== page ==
Fingerprinting compiles these characteristics to distinctly identify the device, and then track where else the device was used. This profile reveals which websites you’ve visited, WIFI networks you’ve used…the list goes scarily on.
Can’t you just feel top level government agencies, shadowy foreign syndicates, and gleefully nasty hackers fingerprinting your Web activities, gathering ammo for cyber attacks?
As for marketing agencies, Chris says they’ve taken a tepid approach to fingerprinting, but that doesn’t mean it’s not a part of our foreseeable future.
Cross-device marketing: The return of reach and frequency
So what does cross-device tracking do for marketers?
Ultimately, it can mean more accurate data, and a better understanding of what is working for your marketing efforts. And it all comes back to two terms that were (and are) a traditional media planner’s best friend: reach and frequency.
Reach: The number of people you reach with a message
Frequency: The number of times audiences view the message
With the traditional approach to analytics, if one person visited your website on three devices, your analytics would have registered those as three unique visits: A reach of three, a frequency of one.
With cross-device tracking, you can see it’s one person making three visits: A reach of one, a frequency of three.
In terms of traditional media measurement, the higher the frequency, the more people will comprehend your messaging. Traditionally, the floor for advertising frequency was always 3; you had to achieve that level of frequency to get viewers to comprehend and remember the message.
But Chris indicates its ramifications for marketers goes beyond simply repeating the same message, like a radio commercial.
Mapping the messaging
Once cross-device tracking data starts to flow in, you can see where people are entering your sales funnel, and adjust your messaging accordingly. For example, if you’re finding the majority of people are entering the funnel for the first time through a Facebook ad, you can tweak the ad to include a video to improve conversion.
You may also be able to target people based on their usage. Let’s say you have visitors who are checking the site repeatedly, but are not part of your mailing list. You can target these specific visitors with a message about joining your mailing list.
The point is that you’re targeting individuals, not broad groups of people. You’re gearing campaigns based on individual actions, not mass numbers. In an audio interview, Chris explains how data on unique individuals translates into an action campaign.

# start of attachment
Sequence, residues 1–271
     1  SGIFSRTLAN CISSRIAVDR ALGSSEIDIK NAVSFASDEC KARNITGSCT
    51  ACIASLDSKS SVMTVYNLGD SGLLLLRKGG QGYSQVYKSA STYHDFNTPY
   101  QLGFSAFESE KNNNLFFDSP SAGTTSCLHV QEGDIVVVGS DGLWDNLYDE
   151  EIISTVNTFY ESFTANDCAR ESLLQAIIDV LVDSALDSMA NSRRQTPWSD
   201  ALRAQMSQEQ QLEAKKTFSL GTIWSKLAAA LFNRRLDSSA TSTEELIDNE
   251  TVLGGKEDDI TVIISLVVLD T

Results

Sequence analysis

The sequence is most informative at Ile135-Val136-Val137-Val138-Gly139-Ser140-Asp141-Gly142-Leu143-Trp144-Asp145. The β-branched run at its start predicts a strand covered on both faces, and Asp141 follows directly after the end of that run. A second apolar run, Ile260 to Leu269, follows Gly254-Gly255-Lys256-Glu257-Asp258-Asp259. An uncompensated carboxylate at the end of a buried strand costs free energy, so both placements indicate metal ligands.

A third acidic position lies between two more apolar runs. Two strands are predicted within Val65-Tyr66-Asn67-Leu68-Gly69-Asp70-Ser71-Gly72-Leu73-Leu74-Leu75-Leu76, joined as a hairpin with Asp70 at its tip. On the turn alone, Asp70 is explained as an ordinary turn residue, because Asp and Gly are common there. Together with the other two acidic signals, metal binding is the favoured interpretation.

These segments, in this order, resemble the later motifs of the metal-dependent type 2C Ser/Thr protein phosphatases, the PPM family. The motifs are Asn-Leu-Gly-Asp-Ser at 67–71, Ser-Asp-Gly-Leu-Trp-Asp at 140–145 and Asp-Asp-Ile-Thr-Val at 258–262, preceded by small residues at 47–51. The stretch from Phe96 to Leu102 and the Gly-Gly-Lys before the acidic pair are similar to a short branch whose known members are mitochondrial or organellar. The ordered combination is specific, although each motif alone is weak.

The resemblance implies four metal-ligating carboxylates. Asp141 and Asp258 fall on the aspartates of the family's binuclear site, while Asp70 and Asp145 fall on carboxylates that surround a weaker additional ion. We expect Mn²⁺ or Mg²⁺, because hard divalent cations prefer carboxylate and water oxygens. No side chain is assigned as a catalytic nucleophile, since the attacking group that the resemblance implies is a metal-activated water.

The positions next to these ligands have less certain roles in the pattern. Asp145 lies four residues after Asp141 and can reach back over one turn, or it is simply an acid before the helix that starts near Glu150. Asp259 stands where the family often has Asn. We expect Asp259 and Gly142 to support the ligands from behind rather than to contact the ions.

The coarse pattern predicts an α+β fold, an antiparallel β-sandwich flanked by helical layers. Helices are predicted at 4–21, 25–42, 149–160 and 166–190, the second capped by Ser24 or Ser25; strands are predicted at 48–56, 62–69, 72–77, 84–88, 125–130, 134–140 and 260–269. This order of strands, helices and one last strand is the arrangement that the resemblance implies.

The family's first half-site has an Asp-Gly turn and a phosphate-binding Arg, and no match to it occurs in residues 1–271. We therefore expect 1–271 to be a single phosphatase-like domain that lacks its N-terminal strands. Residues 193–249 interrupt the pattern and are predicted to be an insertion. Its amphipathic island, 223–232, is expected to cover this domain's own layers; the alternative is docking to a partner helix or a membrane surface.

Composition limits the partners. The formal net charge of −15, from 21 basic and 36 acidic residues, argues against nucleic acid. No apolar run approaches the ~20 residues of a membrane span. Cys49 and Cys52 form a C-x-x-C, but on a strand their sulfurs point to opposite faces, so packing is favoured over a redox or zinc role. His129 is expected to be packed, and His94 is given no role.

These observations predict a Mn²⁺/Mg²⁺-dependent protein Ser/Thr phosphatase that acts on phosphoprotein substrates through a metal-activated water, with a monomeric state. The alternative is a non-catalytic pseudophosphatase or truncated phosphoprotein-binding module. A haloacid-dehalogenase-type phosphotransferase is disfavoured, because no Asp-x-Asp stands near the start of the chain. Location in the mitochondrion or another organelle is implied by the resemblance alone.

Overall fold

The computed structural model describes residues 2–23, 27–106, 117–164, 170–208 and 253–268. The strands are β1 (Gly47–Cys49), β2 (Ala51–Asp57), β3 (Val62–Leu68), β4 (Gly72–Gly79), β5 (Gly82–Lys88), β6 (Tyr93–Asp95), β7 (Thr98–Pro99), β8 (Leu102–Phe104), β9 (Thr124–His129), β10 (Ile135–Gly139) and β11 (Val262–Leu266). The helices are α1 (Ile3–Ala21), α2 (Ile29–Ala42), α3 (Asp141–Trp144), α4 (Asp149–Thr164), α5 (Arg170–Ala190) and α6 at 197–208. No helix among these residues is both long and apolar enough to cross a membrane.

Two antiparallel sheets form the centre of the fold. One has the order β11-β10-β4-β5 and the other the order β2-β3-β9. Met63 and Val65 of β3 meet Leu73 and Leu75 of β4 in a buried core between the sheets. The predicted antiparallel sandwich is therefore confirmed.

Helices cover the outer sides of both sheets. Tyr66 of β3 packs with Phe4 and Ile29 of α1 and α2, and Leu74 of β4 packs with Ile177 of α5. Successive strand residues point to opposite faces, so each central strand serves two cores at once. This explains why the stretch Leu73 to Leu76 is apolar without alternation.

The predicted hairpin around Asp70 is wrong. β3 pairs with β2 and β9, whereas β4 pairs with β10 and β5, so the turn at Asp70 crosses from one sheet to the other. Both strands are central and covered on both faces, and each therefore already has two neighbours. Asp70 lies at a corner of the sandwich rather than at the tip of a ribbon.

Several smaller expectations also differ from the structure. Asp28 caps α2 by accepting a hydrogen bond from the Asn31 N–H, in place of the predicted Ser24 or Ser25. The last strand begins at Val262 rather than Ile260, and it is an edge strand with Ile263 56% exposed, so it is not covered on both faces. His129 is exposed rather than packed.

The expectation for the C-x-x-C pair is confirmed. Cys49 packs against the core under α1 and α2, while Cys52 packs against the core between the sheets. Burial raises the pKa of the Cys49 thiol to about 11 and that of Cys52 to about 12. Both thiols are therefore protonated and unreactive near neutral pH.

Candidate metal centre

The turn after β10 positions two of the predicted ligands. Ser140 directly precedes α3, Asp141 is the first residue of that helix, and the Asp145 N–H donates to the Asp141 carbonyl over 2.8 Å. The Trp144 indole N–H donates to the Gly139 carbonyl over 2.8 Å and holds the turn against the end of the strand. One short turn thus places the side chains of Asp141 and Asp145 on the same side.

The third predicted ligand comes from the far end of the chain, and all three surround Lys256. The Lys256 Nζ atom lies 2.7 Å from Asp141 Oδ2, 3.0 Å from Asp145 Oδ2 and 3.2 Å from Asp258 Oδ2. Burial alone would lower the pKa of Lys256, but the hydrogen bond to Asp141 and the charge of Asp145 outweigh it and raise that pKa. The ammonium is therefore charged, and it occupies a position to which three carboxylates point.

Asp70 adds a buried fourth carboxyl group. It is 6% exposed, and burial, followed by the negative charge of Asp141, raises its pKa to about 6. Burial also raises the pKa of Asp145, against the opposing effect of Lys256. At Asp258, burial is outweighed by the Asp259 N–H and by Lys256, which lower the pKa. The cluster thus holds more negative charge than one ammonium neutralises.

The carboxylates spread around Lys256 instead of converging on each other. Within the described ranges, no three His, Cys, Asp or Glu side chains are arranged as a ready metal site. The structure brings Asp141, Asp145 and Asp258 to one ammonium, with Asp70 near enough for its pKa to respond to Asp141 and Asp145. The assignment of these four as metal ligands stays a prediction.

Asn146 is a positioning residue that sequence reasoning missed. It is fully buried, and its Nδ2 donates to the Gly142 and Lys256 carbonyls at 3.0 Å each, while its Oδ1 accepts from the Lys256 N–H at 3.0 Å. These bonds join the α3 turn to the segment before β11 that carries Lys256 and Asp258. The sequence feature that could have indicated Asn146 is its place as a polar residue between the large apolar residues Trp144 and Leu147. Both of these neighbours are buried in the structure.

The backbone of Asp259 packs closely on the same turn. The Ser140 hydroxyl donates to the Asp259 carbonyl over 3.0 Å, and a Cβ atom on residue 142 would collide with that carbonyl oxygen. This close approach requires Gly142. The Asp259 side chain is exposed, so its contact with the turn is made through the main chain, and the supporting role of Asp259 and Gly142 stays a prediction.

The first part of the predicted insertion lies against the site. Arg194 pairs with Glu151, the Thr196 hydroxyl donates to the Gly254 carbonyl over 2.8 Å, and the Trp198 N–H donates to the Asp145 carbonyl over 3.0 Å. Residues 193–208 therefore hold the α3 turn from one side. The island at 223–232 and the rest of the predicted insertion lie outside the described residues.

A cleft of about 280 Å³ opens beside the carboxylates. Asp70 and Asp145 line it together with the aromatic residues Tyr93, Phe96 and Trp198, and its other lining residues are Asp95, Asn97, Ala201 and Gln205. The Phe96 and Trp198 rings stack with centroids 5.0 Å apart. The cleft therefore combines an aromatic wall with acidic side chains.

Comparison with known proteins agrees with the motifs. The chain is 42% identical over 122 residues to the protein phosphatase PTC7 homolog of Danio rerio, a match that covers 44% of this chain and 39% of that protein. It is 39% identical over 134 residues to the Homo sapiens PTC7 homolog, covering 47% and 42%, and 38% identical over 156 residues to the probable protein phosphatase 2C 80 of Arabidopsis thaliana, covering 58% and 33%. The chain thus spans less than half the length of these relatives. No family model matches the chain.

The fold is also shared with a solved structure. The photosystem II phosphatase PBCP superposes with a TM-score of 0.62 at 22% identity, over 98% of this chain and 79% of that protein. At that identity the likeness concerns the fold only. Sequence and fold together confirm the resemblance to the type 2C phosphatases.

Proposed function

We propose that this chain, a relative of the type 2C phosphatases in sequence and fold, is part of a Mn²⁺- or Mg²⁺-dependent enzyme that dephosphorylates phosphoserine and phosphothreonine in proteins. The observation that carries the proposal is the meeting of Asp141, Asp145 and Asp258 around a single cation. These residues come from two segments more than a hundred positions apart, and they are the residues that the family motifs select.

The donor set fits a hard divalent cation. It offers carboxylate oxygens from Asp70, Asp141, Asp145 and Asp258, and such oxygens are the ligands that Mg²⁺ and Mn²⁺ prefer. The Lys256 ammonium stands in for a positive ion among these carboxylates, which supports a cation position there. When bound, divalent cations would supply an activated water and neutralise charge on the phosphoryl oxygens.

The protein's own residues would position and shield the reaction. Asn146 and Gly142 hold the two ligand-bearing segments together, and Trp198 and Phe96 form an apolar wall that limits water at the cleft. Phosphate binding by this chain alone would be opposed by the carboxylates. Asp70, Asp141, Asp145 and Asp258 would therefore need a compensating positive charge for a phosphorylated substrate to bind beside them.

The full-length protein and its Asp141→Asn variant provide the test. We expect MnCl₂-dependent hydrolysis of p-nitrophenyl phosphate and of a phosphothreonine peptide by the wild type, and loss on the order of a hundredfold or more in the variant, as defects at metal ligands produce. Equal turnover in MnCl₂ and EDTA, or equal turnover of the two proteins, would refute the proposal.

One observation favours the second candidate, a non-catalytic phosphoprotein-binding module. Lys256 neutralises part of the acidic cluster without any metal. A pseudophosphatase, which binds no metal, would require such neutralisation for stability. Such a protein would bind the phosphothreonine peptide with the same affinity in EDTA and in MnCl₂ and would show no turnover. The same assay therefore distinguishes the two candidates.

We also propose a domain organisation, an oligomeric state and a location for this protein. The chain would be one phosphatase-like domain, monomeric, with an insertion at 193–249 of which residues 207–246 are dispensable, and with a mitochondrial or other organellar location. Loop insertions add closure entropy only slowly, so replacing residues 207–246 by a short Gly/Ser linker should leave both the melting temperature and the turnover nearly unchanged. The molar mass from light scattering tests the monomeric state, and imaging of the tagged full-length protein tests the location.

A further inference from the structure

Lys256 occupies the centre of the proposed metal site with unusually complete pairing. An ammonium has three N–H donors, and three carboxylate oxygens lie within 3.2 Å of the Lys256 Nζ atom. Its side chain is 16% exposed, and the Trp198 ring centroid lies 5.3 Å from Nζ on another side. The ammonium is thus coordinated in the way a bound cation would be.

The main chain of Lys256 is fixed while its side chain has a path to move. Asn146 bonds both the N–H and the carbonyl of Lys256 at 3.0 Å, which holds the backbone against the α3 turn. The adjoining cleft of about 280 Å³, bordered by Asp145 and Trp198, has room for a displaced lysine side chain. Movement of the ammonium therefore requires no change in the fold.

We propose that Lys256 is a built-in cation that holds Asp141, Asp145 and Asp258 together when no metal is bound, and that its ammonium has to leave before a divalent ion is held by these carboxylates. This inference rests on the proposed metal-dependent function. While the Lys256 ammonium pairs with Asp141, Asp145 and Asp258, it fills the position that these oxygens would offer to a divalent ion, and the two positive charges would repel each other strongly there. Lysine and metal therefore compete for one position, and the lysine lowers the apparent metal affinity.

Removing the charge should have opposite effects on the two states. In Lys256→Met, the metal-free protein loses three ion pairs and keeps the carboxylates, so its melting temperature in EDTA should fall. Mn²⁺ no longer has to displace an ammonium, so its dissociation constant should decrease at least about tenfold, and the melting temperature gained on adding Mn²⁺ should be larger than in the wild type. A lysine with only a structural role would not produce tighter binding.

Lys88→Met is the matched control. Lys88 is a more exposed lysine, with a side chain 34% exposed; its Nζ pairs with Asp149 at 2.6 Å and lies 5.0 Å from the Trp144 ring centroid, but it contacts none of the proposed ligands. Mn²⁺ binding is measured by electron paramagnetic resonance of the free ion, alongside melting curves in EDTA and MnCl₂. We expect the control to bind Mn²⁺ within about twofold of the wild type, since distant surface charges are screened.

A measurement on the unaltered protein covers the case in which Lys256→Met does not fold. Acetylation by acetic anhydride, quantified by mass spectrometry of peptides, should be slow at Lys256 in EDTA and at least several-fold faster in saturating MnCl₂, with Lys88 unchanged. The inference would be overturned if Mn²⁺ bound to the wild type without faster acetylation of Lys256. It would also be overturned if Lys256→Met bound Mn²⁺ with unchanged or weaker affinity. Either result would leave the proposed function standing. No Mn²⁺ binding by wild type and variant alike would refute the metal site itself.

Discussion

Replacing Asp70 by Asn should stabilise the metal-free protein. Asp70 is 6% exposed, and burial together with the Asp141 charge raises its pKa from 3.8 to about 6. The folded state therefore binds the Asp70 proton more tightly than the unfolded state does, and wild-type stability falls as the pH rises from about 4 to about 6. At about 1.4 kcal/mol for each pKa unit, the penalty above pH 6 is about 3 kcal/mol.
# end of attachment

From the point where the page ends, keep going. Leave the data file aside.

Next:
It’s all about retention
Marketers who use cross-device tracking are focused on customer retention, and they know it’s a long-term game. The retention rates and cohort analysis you get from cross-device tracking are very valuable, Chris notes, and they’re valuable over months and years.
For example, let’s say your business is seasonal, and you only see spikes on the 4th of July and Christmas. You’ll need to get through several cycles of seasons to really understand how your individual customers are responding.
In terms of retention, these types of analytics can help you distinguish how your valuable long-term customers are responding. If you run a one-time discount on a product, do the people who buy become long-term customers?
Could this be the end of the 50% gripe?
Chris recommends that marketers adopt a mindset based on the cross-device tracking approach. And there are methods and tools to move in that direction.
Facebook ads, for example, are a great testing ground. Putting the Facebook tracking pixel on your site is free, and can give you all sorts of device messaging opportunities in the future.
“$100 in ad spend to get in front of the 25% most active people on your website can very quickly become a good (and measurable) business decision,” Chris says.
American merchant John Wanamaker once said, “Half the money I spend on advertising is wasted; the trouble is I don’t know which half.” Cross-device tracking may help us take one step closer to solving that problem in spectacular fashion.